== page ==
United States District Court, E.D. California
F. BRENNAN, UNITED STATES MAGISTRATE JUDGE.
seeks judicial review of a final decision of the Commissioner
of Social Security (“Commissioner”) denying his
application for a period of disability and Disability
Insurance Benefits (“DIB”) under Title II of the
Social Security Act. The parties have filed cross-motions for
summary judgment. ECF Nos. 13 & 16. For the reasons
discussed below, the Commissioner’s motion is granted
and plaintiff’s motion is denied.
filed an application for a period of disability and DIB,
alleging that he had been disabled since April 14, 2012.
Administrative Record (“AR”) at 167. His
application was denied initially and upon reconsideration.
Id. at 90-93, 96-100. A hearing was held before
administrative law judge (“ALJ”) Carol L. Buck.
Id. at 33-63.
October 20, 2016, the ALJ issued a decision finding that
plaintiff was not disabled under sections 216(i) and 223(d)
of the Act. Id. at 18-26. The ALJ made the
following specific findings:
1. The claimant meets the insured status requirements of the
Social Security Act through September 30, 2017.
2. The claimant has not engaged in substantial gainful
activity since April 14, 2012, the alleged onset date (20 CFR
404.1571 et seq.).
3. The claimant has the following severe impairment:
degenerative disc disease of the lumbar spine with spinal
stenosis and lumbar radiculopathy (20 CFR 404.1520(c)).
* * *
4. The claimant does not have an impairment or combination of
impairments that meets or medically equals the severity of
one of the listed impairments in 20 CFR Part 404, Subpart P,
Appendix 1 (20 CFR 404.1520(d), 404.1525 and 404.1526).
* * *
5. After careful consideration of the entire record, the
undersigned finds that the claimant has the residual
functional capacity to perform light work as defined in 20
CFR 404.1567(b) specifically as follows: the claimant can
lift and carry twenty pounds occasionally and ten pounds
frequently; the claimant can stand and/or walk six hours in
an eight-hour workday and sit for six hours in an eight-hour
workday; the claimant can climb ramps and stairs, kneel,
crouch and crawl frequently; the claimant can climb ladders,
ropes and scaffolds and stoop occasionally; the claimant can
balance with no limitations and the claimant must avoid
exposure to vibrations.
* * *
6. The claimant is capable of performing past relevant work
as a produce clerk. This work does not require the
performance of work-related activities precluded by the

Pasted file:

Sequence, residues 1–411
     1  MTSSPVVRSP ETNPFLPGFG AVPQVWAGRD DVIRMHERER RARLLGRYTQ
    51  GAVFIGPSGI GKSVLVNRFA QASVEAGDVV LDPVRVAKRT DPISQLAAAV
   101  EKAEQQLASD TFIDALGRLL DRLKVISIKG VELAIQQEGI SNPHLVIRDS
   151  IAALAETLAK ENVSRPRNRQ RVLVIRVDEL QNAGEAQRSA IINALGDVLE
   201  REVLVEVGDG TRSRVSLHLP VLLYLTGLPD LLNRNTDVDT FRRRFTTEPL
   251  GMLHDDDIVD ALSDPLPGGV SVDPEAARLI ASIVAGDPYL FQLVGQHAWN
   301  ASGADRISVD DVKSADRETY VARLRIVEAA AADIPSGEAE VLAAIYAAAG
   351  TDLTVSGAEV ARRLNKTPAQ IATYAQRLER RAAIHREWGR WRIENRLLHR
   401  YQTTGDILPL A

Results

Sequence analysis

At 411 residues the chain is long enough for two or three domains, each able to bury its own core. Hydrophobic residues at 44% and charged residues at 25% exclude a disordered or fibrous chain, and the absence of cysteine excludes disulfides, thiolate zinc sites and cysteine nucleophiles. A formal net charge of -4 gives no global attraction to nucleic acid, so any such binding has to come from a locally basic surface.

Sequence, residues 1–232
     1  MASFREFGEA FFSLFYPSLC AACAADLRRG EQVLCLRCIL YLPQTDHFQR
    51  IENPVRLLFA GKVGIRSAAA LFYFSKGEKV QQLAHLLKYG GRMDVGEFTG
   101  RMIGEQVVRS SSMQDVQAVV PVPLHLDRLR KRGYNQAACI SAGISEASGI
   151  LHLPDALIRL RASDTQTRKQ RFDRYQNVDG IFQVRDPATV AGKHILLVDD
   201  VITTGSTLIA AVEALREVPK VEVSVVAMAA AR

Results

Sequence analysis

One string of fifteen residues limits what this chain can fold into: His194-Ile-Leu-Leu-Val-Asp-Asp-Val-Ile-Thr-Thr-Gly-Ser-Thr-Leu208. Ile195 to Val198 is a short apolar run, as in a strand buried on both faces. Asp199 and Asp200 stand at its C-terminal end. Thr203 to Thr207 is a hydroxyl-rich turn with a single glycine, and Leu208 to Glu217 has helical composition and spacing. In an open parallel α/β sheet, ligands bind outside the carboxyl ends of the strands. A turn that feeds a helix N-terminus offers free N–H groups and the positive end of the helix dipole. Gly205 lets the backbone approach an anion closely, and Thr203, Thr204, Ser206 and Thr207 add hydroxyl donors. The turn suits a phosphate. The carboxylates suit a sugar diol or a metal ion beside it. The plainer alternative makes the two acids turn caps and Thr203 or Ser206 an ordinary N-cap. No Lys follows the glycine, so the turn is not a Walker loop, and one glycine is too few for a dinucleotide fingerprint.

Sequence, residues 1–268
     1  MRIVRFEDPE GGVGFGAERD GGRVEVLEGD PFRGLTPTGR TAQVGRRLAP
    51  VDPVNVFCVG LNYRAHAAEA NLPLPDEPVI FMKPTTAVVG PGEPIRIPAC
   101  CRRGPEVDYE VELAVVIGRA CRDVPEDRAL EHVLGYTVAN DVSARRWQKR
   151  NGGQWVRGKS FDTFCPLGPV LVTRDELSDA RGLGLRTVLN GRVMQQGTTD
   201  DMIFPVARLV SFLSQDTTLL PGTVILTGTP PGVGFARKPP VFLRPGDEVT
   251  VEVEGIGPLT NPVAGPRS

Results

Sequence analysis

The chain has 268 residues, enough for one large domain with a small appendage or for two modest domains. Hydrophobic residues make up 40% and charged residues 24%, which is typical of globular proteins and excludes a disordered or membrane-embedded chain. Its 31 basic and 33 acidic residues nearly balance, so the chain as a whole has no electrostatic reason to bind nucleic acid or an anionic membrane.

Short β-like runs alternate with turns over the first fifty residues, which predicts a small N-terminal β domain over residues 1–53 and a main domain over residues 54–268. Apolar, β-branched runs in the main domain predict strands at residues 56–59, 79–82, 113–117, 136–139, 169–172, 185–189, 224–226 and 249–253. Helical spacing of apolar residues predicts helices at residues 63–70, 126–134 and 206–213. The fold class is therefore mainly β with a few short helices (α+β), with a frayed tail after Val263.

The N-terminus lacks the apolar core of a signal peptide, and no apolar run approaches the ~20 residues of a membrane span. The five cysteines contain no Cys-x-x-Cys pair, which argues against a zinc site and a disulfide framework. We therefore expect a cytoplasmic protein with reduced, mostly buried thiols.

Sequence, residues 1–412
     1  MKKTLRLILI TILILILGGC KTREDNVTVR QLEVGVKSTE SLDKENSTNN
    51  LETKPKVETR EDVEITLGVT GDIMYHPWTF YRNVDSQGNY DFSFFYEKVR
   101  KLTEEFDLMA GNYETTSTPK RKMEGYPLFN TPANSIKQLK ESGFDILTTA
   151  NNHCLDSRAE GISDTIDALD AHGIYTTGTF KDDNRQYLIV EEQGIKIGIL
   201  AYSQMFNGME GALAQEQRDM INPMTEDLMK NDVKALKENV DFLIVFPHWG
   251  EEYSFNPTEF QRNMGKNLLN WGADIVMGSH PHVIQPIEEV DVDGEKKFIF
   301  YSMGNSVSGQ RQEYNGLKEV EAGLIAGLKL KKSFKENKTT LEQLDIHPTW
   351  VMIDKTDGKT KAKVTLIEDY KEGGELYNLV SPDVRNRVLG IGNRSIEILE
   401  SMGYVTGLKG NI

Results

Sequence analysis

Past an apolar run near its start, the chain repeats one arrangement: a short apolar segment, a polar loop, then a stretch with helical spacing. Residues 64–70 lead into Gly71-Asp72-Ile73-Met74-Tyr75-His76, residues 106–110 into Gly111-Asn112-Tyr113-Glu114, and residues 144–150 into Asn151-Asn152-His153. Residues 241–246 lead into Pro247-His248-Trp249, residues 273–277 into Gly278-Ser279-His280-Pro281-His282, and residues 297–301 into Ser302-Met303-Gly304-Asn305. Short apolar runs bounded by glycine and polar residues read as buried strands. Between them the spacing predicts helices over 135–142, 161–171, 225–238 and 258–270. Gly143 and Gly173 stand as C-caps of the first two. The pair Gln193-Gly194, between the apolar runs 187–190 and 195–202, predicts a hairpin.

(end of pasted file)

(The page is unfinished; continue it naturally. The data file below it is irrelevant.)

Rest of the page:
claimant’s residual functional capacity (20 CFR
* * *
7. The claimant has not been under a disability, as defined
in the Social Security Act, from April 14, 2012, through the
date of this decision (20 CFR 404.1520(f)).
Id. at 20-27.
request for Appeals Council review was denied on November 21,
2017, leaving the ALJ’s decision as the final decision
of the Commissioner. Id. at 1-3.
Commissioner’s decision that a claimant is not disabled
will be upheld if the findings of fact are supported by
substantial evidence in the record and the proper legal
standards were applied. Schneider v. Comm’r of the
Soc. Sec. Admin., 223 F.3d 968, 973 (9th Cir. 2000);
Morgan v. Comm’r of the Soc. Sec. Admin., 169
F.3d 595, 599 (9th Cir. 1999); Tackett v. Apfel, 180
F.3d 1094, 1097 (9th Cir. 1999).
findings of the Commissioner as to any fact, if supported by
substantial evidence, are conclusive. See Miller v.
Heckler, 770 F.2d 845, 847 (9th Cir. 1985). Substantial
evidence is more than a mere scintilla, but less than a
preponderance. Saelee v. Chater, 94 F.3d 520, 521
(9th Cir. 1996). “‘It means such evidence as a
reasonable mind might accept as adequate to support a
conclusion.’” Richardson v. Perales, 402
U.S. 389, 401 (1971) (quoting Consol. Edison Co. v.
N.L.R.B., 305 U.S. 197, 229 (1938)).
ALJ is responsible for determining credibility, resolving
conflicts in medical testimony, and resolving
ambiguities.” Edlund v. Massanari, 253 F.3d
1152, 1156 (9th Cir. 2001) (citations omitted). “Where
the evidence is susceptible to more than one rational
interpretation, one of which supports the ALJ’s
decision, the ALJ’s conclusion must be upheld.”
Thomas v. Barnhart, 278 F.3d 947, 954 (9th Cir.
offers five arguments as to how the ALJ erred. First, he
claims that the ALJ failed to consider and assess various
documented medical conditions at step two. Second, he claims
the ALJ erred in failing to explicitly weigh the combined
impacts of all his impairments at step three. Third, he
claims that the ALJ made multiple errors in weighing medical
opinions of both Dr. Hanley, plaintiff’s chiropractor,
and the state agency physicians. Fourth, he claims that the
ALJ failed to provide adequate reasons for disregarding his
testimony regarding his pain and ...